What started as mainly a socio/ economic straggle of the people against an authoritarian government rabidly turned in to a sectarian, religious conflict that its implications we will not be able to assess for years to come.
The cautious stance adopted by the international community and Western powers, facing their own domestic problems and “tired” by two long wars in Iraq and Afghanistan, along with the involvement of regional powers has turned the conflict in to a proxy war.
On one side Saudi Arabia and Qatar, defenders of Sunni Islam, along with Turkey that sees an opportunity for its influence to grow within the region while at the same time trying to deal with its own domestic threats, namely the Kurdish issue and the potential implications a destabilized Syria could have.
On the opposite end Iran, Iraq and Hezbollah in Lebanon, all three of them Shiite and aligned politically to each other, joined by Russia that still bears the memories of the Chechen conflict and is troubled by a possible revival of Islamic militant groups in its own back yard.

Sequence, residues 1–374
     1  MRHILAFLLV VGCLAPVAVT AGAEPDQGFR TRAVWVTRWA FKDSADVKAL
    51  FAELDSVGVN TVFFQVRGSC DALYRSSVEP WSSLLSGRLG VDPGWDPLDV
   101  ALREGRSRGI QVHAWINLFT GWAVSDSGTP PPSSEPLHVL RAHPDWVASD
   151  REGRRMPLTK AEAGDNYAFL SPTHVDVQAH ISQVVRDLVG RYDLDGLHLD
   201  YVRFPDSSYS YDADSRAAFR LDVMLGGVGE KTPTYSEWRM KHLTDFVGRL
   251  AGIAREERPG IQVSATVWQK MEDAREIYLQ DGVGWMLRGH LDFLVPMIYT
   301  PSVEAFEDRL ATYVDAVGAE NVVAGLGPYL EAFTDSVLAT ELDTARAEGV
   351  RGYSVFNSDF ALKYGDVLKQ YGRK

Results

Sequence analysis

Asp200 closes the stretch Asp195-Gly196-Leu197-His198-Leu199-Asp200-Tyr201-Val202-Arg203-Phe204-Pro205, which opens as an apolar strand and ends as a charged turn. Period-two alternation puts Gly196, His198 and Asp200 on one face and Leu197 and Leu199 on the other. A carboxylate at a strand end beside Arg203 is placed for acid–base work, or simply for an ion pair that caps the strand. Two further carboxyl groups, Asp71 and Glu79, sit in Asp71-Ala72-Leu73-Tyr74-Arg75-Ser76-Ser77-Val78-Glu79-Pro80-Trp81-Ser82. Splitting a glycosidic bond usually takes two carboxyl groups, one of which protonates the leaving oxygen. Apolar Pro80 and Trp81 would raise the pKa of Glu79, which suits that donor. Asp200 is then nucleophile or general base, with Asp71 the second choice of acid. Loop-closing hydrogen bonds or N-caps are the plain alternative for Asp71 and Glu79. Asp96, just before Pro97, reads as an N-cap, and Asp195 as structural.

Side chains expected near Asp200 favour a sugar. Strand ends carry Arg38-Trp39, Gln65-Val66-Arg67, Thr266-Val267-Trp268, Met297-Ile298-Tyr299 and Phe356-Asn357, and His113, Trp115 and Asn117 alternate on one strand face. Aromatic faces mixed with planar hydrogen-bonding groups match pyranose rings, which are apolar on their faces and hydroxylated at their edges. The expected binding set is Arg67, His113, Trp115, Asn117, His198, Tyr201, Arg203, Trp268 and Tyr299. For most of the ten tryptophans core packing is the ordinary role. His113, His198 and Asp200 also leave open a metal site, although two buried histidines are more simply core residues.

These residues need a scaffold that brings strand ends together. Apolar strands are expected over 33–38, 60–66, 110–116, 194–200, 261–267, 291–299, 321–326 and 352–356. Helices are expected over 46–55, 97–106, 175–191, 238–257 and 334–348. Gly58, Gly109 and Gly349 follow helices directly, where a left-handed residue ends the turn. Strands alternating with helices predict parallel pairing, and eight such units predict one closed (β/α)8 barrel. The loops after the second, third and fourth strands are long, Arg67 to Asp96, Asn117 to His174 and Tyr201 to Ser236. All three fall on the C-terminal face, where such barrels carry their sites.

As the flow of resources in rebel held areas continues to be limited, the various factions have begun to splinter as they compete for funding and influence while fighting a brutal war against the government.
Militant Islamic groups were quick to identify and capitalize upon the power vacuum, by way of successful military operations and by replacing government structures in liberated areas providing the civilian population with some sort of continuation and normality.
With many militant groups openly supporting an Islamic state ruled by Sharia law and moderate voices pushed to the sideline, civilians are watching unable to influence events while the drums of war are echoed all over the country.